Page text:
Cultural breakfast: Cooking traditional Hong Kong porridge and soy sauce chow mein


Graphic illustration by Sophie Au

I tried cooking porridge and soy sauce chow mein that restaurants serve for breakfast.

Sophie Au, Design Editor

When I was younger, my family and I would visit Hong Kong every summer. One of my favorite memories is going to Hong Kong cafes  in the morning to eat freshly prepared breakfast; my family and I would always struggle to find a table because so many people enjoyed eating at the cafes. As breakfast is the most important meal to start off the day, cafes in Hong Kong take pride in preparing complex and hearty breakfast options that anyone will enjoy. 

Traditional Hong Kong breakfast items are commonly served in street food stands and small restaurants all over Hong Kong and are available in many dim sum stores and Hong Kong-style restaurants in the Bay Area. Although some traditional breakfast items have been Westernized and there are now Western food options available in Hong Kong restaurants, traditional dishes like porridge, dim sum and noodles remain a staple. 

A common breakfast item is porridge, which is eaten around the world. The Chinese version, known as “congee,” consists of rice boiled in water until a soup-like consistency is formed. In Hong Kong-style restaurants, plain rice porridge (“congee”) is paired with other savory dishes like rice rolls, a plate of chow mein or fried dough (“you tiao”).

I soaked one cup of rice with enough water to cover the rice, a tablespoon of oil and about half a teaspoon of salt for flavor before working on the chow mein. (Photo by Sophie Au)

After eating many store-bought versions, I attempted to make this breakfast combo by myself. I chose to pair my rice porridge with soy sauce chow mein, as these were the simplest recipes to prepare, and the ingredients were not hard to acquire. I watched two videos by a Hong Kong restaurant chef on how to make a quick porridge and authentic Hong Kong soy sauce chow mein and took notes on the steps to prepare the food.

I started soaking the rice first, as the rice needed to be fully soaked before being boiled down into porridge. I washed and filled one cup of rice with enough water to cover the rice and added a tablespoon of oil and about half a teaspoon of salt for flavor.

Letting the rice soak for at least 30 minutes, I started working on the chow mein. The noodles from the package were pre-steamed, but blanching them for two to three minutes ensured the noodles would not be too dry when I stir-fried them later.

Here are my final ingredients. (Photo by Sophie Au)

I rinsed fresh bean sprouts, chopped up some shallots and garlic and sliced green onion into one-inch pieces. I did not realize how much green onion this dish called for — I ended up using six whole sprigs of green onion! Finally, I mixed the soy sauce mixture for the noodles by combining a lighter soy sauce, a darker and sweeter soy sauce, oyster sauce (a dipping sauce usually served with steamed vegetables) and a teaspoon of sugar. I first quickly stir-fried bean sprouts, shallots, garlic and two-thirds of the green onion to give the vegetables some roasted flavor. After a quick sizzle, I removed them from the pan.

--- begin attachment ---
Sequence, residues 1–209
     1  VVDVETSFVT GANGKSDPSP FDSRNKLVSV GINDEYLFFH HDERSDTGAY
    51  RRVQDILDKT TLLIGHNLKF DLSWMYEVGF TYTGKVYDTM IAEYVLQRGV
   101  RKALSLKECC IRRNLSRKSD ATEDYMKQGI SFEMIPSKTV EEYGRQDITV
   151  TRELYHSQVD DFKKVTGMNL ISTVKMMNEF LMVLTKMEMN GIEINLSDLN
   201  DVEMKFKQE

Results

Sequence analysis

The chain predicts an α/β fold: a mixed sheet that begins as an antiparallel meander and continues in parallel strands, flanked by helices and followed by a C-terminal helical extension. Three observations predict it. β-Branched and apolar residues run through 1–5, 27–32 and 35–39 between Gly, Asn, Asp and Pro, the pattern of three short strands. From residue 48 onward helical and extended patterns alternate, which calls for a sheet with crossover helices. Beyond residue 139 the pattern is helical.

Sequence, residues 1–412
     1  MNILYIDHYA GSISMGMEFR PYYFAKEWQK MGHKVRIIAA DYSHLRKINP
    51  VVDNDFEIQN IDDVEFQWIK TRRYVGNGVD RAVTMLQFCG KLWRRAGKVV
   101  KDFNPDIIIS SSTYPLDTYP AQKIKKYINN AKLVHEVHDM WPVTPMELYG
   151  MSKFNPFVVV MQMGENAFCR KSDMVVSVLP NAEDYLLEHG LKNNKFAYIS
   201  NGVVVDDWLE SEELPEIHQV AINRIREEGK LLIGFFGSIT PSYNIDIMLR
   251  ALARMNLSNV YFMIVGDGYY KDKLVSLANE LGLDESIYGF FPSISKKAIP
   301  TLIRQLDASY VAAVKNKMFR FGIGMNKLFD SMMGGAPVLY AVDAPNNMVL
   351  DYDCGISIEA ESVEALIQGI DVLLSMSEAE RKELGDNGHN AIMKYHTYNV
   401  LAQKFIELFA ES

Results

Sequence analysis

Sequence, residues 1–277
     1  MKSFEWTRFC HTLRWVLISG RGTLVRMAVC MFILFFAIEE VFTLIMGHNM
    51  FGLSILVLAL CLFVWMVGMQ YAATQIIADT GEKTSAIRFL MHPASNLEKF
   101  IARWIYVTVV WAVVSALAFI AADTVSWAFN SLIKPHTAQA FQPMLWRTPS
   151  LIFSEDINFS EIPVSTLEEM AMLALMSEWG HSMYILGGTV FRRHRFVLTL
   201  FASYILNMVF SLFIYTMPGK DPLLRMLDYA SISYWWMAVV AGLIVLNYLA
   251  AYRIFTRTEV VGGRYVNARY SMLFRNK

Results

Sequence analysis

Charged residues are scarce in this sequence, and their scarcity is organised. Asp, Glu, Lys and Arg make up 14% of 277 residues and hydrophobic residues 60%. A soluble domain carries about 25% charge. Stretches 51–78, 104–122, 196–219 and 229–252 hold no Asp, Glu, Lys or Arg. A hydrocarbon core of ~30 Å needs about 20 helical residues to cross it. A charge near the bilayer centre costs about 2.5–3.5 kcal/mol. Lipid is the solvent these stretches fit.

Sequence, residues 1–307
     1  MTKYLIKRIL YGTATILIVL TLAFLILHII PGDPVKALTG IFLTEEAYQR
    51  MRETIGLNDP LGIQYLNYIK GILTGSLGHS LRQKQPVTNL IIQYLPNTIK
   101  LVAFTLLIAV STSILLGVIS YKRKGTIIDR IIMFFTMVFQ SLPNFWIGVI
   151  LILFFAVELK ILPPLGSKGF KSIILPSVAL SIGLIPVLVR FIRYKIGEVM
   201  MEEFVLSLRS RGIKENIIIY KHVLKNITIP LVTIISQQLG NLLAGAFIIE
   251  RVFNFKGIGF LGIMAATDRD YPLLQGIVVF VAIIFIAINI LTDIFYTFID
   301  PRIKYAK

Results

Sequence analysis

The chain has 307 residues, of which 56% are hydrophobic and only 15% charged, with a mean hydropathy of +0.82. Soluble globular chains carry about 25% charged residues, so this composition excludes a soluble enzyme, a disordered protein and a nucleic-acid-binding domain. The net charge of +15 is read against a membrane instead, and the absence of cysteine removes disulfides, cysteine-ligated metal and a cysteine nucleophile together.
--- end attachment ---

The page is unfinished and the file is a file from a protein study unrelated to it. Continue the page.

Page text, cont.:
I heated the wok with more oil and poured the noodles in. Instead of stirring immediately, the recipe recommended letting the bottom fry until crispy (like a pancake) and then flipping the whole chunk of noodle altogether. I had so much egg noodle that the pancake flip did not work very well, but when I flipped the noodles over, the bottom was definitely pretty crispy!

A close up of my soy sauce chow mein. (Photo by Sophie Au)

After cooking the noodles, I added the soy sauce mixture, but I soon realized that the noodles were not dark enough, as the noodles served in restaurants usually take on a dark brown color. I made more of the soy sauce mixture and added it into the pan. At last, I poured both types of soy sauce into the noodles straight from the bottle while eyeballing the proportions. After many doses of soy sauce, the noodles finally had enough sauce and looked dark enough. I tossed in the cooked vegetables and some fresh green onion, and it was finally ready to serve.

At this point, my water was finally boiling, and I added in the soaked rice. I didn’t realize how long it took to boil over 10 cups of water and boil the rice down, so I was not able to finish both dishes at the same time. I ended up constantly stirring and checking on the rice (to make sure the rice didn’t get stuck on the bottom of the pot) for about an hour before the starch from the rice was released and the mixture was thickened into porridge. Once in a while, I added salt to flavor the white porridge.

After the porridge thickened up, I ladled it into a bowl and placed a generous portion of the fried noodles onto a plate to serve. Along with a cup of tea, the traditional breakfast of porridge and soy sauce chow mein was ready!

A photo of my final product. (Photo by Sophie Au)

Overall, the fried noodles and the porridge were not too complicated to prepare, especially because the ingredients required were mostly pantry items that I had, and the steps were very simple. I would give myself a 7 out of 10 for how close they were to restaurant-quality porridge and chow mein. Even though some seasonings and flavors were slightly off, they tasted delicious and matched what I expected to taste in a cafe in Hong Kong! This traditional breakfast surely brought back memories of sitting down in a Hong Kong cafe and eating porridge and soy sauce chow mein as a satisfying meal to start off my day.